As this piston moves up and down, it creates a vacuum above. The vacuum lets outside air which is at atmospheric pressure open the inlet valve and enter the area above the piston, filling the space. When the piston moves upward, the air above it is compressed and holds shut the inlet valve, pushing open the discharge valve. As the discharge valve opens, air moves to the tank from the discharge port. Every stroke allows more air to enter the tank, increasing the pressure.
A portable air compressor will typically have a pressure switch which will stop the motor when the air pressure in a tank reaches a certain limit. This is usually about 125 psi. Most models of single-stage air compressors will set their limit at 125 psi, although that much pressure usually is not required. There will usually be a regulator on the air line which will be set to match the pressure required by the tool being powered. A gauge placed before the regulator will monitor the pressure in the tank. A gauge placed after the regulator will monitor the pressure in the air line.
A tank will typically have a safety valve which will open if the pressure switch malfunctions. There may also be an unloader valve incorporated into the pressure switch. This will also reduce tank pressure when the compressor is not operating. Articulated piston compressors are usually oil lubricated. The pistons in these air compressors have rings which help maintain the compressed air on the top of the piston. They also help keep the air free of lubricating oil. Even these rings are not always effective, allowing some oil in aerosol form to enter the compressed air. The air compressor may then be releasing oil in the air. This is not usually a problem, but may be a bit messy. Since many air tools need oiling, inline oilers can be added, increasing uniform oil supplied to the tools.
The primary problem with these models is that they require periodic oil changes and regular oil checks to ensure they are operating properly. These types must also be on a level surface when they are operated. Airborne oil may be solved using a filter in the air line or an oil separator, however it is recommended to use portable compressor which does not need oil and instead, has bearings which are permanently lubricated. Different models of air compressors have different numbers of stages. The uses for the air compressor vary depending their number of stages.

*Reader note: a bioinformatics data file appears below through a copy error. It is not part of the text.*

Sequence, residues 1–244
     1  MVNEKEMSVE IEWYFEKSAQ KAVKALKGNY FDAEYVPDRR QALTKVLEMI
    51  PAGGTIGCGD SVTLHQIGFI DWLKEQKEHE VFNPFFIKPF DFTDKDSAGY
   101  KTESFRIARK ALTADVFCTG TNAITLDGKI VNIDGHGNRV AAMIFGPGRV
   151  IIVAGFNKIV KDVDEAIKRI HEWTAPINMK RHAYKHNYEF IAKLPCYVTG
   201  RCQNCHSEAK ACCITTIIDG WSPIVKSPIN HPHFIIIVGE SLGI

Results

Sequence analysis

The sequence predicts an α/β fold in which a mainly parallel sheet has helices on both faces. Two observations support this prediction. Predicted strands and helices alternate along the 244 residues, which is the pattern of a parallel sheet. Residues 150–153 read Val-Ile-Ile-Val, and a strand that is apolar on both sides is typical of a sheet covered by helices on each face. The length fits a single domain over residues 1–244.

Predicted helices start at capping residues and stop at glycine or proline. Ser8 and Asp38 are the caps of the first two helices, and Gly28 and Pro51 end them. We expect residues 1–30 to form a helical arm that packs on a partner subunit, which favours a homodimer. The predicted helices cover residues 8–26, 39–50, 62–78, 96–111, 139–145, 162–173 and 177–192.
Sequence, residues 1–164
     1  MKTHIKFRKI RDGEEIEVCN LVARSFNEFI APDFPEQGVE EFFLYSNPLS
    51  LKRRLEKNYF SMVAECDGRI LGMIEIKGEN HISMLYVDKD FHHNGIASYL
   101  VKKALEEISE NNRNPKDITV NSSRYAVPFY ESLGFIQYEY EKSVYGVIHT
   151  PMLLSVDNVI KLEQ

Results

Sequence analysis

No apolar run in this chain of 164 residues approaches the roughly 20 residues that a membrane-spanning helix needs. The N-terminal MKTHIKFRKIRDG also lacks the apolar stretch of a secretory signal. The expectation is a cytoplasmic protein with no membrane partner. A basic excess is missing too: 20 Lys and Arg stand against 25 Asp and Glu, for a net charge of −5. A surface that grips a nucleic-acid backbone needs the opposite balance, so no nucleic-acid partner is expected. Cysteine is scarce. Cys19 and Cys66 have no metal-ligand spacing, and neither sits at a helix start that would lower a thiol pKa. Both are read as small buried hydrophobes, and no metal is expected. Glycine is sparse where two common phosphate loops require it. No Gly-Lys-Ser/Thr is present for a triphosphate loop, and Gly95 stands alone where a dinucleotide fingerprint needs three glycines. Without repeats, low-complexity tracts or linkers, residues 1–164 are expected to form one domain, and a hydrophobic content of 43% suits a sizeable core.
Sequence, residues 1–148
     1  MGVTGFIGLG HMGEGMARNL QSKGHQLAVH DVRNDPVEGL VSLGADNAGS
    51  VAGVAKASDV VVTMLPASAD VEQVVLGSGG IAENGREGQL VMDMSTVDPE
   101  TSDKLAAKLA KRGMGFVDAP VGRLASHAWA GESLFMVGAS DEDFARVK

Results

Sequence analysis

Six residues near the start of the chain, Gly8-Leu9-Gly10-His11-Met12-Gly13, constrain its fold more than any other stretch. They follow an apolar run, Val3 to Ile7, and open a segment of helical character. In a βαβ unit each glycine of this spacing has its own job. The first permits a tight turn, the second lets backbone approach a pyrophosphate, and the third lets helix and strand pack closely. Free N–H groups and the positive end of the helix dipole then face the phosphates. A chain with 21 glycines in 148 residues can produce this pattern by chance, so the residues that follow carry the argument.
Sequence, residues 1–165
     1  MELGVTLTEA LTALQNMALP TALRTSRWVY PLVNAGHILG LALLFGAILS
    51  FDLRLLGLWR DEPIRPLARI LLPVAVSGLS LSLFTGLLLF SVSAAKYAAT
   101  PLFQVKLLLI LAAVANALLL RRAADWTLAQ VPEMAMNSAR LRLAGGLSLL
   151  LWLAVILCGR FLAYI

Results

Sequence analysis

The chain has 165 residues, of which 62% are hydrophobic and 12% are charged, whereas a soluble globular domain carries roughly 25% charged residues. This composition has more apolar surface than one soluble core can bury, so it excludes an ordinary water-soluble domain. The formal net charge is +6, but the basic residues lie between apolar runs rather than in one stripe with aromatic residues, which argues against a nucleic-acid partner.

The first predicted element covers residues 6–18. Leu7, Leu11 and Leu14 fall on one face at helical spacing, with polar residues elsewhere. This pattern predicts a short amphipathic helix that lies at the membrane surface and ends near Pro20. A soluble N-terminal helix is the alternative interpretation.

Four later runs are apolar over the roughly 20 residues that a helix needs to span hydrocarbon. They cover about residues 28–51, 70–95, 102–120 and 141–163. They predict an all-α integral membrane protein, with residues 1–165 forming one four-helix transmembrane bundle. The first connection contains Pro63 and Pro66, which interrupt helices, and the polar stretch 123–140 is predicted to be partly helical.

A two stage compressor offers a higher level of compression and is typically used for heavy duty types of projects. These types store air for use in the future and are much more energy efficient than single state compressors. The two-stage air compressor produces more air per horsepower unit than single-stage compressors. This reduces the amount of air on the unit, helping prolong the operational life. There are also portable electric air compressors. These are better for light-duty jobs requiring less air pressure or power.
Most models are typically powered by natural gas or electricity. There are air some powered by hand, but these tend to provide less power. The models powered by natural gas tend to be more cost effective.
If the work area is small or enclosed, an electric powered model may be a better choice. Natural gas may give off gas fumes, so it is safer to use an air compressor powered by electricity in small or enclosed spaces.
Air compressors are useful in a variety of ways and in many different industries. Some are better for certain jobs, so it is a good idea to identify the use before selecting the best air compressor for the job required. Also make sure to read plenty of air compressor reviews before buying.